Salmon Tacos


Preparation info

  • Difficulty


  • Makes 12 Tacos, Enough for



Appears in

Simply Salmon

Simply Salmon

By James Peterson

Published 2001

  • About

Until I went to Mexico, I thought tacos were the kind I encountered growing up in California—crisp folded tortillas partially filled with ground beef and cheese. I’ve since discovered that tacos come in many forms and are only rarely stuffed with ground beef and cheese.

In Mexico, tacos are made by stuffing various ingredients such as stews, grilled meats (usually pork), and seafood into soft steamed tortillas. More often than not a variety of ingredients are passed around the table for guests to help themselves and design their own variations. Tacos are also fried—the raw’ tortillas are sautéed for a few’ seconds in hot oil, the taco is stuffed and rolled, and the whole thing is then deep-fried. My own preference is for the soft variety, partly because of the casualness of people making their own tacos, partly because they’re less rich.

These salmon tacos are an obvious derivative of more traditional recipes, but the spirit of improvisation is authentic.


  • pounds salmon fillet with the skin and pin bones removed
  • salt
  • pepper
  • 3 ripe avocados, preferably Hass
  • 2 tablespoons lime juice (about 1 lime)
  • 1 garlic clove, chopped fine and crushed to a paste with the side of a chefs’ knife
  • 12 corn tortillas
  • 3 limes, cut into wedges
  • 5 ripe tomatoes, peeled, seeded, and chopped (peeling and seeding optional)
  • leaves from 1 large bunch cilantro
  • 5 jalapeño chilies, stemmed, seeded, and chopped fine
  • 2 poblano chilies, charred, peeled, stemmed, seeded, and chopped (optional)
  • 1 large red onion, halved through the root end, and sliced as thin as possible
  • cups sour cream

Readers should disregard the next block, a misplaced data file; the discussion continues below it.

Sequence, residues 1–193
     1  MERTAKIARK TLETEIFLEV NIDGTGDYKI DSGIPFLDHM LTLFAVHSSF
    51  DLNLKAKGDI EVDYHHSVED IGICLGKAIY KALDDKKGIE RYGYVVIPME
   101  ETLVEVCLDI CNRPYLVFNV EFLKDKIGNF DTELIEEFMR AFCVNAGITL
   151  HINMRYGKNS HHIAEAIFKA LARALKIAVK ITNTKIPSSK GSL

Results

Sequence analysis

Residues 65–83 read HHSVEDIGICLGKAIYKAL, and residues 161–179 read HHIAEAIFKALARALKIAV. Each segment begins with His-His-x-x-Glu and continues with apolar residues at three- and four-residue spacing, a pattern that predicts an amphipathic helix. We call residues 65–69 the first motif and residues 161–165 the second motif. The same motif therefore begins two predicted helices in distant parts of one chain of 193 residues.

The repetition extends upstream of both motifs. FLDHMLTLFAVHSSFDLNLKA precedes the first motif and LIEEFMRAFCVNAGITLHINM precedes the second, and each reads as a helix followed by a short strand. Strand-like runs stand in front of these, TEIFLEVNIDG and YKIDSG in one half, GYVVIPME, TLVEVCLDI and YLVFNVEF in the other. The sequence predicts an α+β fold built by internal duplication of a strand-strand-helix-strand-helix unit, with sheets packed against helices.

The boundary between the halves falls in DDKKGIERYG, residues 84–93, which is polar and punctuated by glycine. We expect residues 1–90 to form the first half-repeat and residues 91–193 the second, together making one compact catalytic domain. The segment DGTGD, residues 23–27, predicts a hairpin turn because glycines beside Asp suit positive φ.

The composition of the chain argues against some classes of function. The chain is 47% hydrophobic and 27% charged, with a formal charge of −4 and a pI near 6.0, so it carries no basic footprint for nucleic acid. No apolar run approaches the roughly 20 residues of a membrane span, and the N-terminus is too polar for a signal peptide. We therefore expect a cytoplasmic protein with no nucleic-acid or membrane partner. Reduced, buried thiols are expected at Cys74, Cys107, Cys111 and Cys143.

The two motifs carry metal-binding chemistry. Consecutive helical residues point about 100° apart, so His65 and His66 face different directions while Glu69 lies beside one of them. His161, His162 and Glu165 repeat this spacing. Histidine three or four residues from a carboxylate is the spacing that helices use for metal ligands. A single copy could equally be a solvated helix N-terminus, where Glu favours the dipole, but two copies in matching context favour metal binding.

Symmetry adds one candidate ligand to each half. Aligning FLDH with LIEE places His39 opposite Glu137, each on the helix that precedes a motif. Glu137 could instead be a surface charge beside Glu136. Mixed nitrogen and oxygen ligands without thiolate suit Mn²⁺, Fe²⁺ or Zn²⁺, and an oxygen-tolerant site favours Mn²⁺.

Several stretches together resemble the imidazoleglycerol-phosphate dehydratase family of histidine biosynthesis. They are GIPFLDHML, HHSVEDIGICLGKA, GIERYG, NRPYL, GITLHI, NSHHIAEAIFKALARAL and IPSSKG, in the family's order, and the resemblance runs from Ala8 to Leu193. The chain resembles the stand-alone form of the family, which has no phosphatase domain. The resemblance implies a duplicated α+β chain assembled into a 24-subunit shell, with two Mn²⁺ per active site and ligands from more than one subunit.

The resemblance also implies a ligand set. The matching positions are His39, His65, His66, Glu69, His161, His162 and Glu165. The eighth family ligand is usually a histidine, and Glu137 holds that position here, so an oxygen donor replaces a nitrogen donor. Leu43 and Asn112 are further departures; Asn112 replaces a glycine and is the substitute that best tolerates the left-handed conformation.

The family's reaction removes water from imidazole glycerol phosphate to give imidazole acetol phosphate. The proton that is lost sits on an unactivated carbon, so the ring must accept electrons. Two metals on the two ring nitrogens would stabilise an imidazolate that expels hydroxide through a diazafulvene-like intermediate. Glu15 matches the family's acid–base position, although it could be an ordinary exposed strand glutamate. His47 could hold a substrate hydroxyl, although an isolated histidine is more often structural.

• 1 small bunch lettuce, such as Romaine, leaves washed and dried, sliced into ¼-inch wide strips


Cut the salmon fillet into 3 pieces to make it easier to handle. Season the pieces on both sides with salt and pepper and refrigerate.

Peel and dice the avocados, gently toss with the lime juice and garlic paste, and season to taste with salt and pepper.

About 20 minutes before you’re ready to serve, sprinkle each of the tortillas lightly with cold water by dipping your fingers into a bowl of water and then flicking the water on the tortillas. Wrap the tortillas in a clean kitchen towel and then tightly in aluminum foil and slide them into a 300° F oven.

Pat the salmon dry and grill it as described, hot smoke it as described, or sauté it as described.

When the salmon is cooked, cut it into ¾-inch cubes—don’t worry if it crumbles a little—and put the cubes in a serving bowl.

Remove the foil from the tortillas—leave them in the towel—and put them on a heated plate.

Pass the tortillas, salmon, lime wedges, avocados, tomatoes, cilantro, chilies, onion, sour cream, and lettuce at the table in colorful bowls—or set them out if you’re serving buffet style—and let guests roll up their own, choosing whatever ingredients they like.